Dear Lackadaisical Parent,
I know it must be hard by the time you get your fourth of fifth kid to the tween years to parent. First, I’m sure you’re a little worn out. That’s a lot of potential discipline over the course of a couple of decades. But, I want to remind you that you still have a responsibility as a parent to attempt to raise a child that can get along with others and eventually become a contributing member of society.
I’m sure right now you’re asking yourself, “why is this crazy Mom writing me?” Well, I’ll tell you. Your daughter has made my child cry non-stop for the past week from her venomous comments on the playground and while I have to coach my child to ignore her, hold her head high and walk away, I don’t have to.
So, what did your kid say? Among other things, she told my Rosie that “she looked like a baby.” And, then she went on to mock her in front of an entire group of friends. This caused a plethora of problems this weekend as my child attempted to find anything “grown-up” in her closet to wear and a number of crying jags that were more than a little disconcerting making my job as a parent quite painful.
As I stood with my child staring at her clothes, I did find a couple of outfits that needed to be retired, however we had a long discussion about how ten and eleven year-old girls are supposed to dress (and that it’s still cool to shop at Justice). And, we came to the conclusion that it’s still okay to wear pink every once in a while and that Rosie’s clothes were just fine. And, that maybe your child dressed completely inappropriate and was just a little bit jealous that she didn’t have great clothes to wear.
You see, I’ve been to school. Lots. And, I’ve seen the way your child dresses.
Little girls are not supposed to wear all black or jeans with strategically placed holes. Their underwear should not peek out under their shorts. Their outfits should not look like something that a teen-aged sister wore to high school the day before. They should never be rumpled or soiled either.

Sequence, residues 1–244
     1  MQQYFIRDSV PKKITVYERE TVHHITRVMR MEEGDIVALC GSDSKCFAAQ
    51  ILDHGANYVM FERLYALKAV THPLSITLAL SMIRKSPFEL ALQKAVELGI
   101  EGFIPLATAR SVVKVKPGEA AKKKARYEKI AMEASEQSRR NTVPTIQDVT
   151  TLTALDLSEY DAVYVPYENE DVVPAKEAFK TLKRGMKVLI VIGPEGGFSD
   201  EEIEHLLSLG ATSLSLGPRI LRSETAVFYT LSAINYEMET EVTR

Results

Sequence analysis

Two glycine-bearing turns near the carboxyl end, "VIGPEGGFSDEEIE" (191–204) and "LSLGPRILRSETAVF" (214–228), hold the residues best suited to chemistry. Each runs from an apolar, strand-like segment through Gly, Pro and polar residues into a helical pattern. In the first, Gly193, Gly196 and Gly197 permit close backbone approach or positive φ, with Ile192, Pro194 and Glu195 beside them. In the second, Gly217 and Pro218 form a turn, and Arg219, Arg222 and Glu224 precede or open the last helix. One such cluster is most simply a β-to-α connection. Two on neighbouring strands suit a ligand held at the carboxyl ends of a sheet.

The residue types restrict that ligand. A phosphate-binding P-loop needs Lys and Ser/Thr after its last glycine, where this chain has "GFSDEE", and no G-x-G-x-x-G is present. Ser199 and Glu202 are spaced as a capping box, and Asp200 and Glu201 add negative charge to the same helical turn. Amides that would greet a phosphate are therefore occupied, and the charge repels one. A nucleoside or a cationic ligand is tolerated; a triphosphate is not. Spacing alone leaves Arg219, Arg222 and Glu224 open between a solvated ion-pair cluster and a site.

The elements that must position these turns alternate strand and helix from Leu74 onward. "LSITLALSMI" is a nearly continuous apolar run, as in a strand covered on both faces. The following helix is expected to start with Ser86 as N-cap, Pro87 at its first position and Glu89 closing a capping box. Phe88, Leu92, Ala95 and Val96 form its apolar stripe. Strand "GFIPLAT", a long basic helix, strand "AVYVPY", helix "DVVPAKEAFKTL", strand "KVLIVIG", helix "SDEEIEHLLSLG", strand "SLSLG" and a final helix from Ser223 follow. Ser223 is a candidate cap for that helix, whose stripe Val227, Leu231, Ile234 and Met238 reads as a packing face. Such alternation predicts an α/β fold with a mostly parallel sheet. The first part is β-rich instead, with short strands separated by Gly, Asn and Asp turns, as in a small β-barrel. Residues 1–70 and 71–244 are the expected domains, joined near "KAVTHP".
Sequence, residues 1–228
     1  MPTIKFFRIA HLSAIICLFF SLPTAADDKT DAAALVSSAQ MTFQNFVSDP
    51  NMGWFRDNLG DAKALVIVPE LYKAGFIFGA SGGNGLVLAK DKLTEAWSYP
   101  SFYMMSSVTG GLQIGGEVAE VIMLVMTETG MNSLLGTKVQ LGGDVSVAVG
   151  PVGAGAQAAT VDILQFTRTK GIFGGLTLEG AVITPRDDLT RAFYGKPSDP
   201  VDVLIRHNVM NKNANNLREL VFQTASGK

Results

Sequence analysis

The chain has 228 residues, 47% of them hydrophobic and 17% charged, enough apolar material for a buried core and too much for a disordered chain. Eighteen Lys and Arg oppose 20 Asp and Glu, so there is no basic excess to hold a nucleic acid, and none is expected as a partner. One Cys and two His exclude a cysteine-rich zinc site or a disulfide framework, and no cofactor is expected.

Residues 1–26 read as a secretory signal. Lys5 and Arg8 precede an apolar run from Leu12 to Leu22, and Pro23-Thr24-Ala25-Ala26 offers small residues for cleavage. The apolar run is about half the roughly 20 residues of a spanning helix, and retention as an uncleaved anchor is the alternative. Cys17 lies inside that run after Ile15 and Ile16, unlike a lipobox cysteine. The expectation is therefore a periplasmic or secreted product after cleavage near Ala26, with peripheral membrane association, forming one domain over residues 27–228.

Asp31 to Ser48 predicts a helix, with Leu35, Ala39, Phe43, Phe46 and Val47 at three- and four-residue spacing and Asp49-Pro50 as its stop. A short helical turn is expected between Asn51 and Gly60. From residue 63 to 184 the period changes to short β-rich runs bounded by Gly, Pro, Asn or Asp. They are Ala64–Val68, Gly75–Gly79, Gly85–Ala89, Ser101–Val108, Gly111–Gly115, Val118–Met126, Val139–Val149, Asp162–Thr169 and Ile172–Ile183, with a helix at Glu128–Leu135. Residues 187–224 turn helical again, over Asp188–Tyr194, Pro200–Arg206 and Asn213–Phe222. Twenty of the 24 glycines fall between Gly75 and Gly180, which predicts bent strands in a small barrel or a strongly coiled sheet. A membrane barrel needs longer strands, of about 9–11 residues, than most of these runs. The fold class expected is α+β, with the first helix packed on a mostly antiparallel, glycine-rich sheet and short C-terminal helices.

Tween-aged girls should still be instructed to bathe and brush their hair (just an FYI, I’ve told my child on numerous occasions to be kind and not discuss your child’s terrible dandruff problem as it’s rude and inappropriate). They shouldn’t wear fingerless gloves that go to their elbows or headbands that look like they borrowed them straight from Madonna’s closet in the 80’s. And the torn tights? Shame on you for letting her leave your home that way.
In fifth grade, we should never see cleavage. Despite the fact that they are developing, they are still little girls. We shouldn’t be inviting every pedophile in the world to get a free peek.
I realize that while I’ve been ranting and raving, you probably don’t care and won’t even discuss the real issue. Your child shouldn’t be so nasty and bully on the playground. So, I’ve carefully instructed mine to walk away. The good news is they won’t be in middle school together so we only have five more months of putting up with your kids crap which is really cool.
That means I won’t have to explain to Rosie why your kid sneaks cigarettes out back during recess. Or, why she constantly winds up at the principal’s office and in detention. And I certainly won’t have to tell her why all the boys have taken an unusual interest in her as she dresses to attract the wrong kind of attention. We all know what happens to girls like that.
An involved parent that is proud to have a kid that wears pink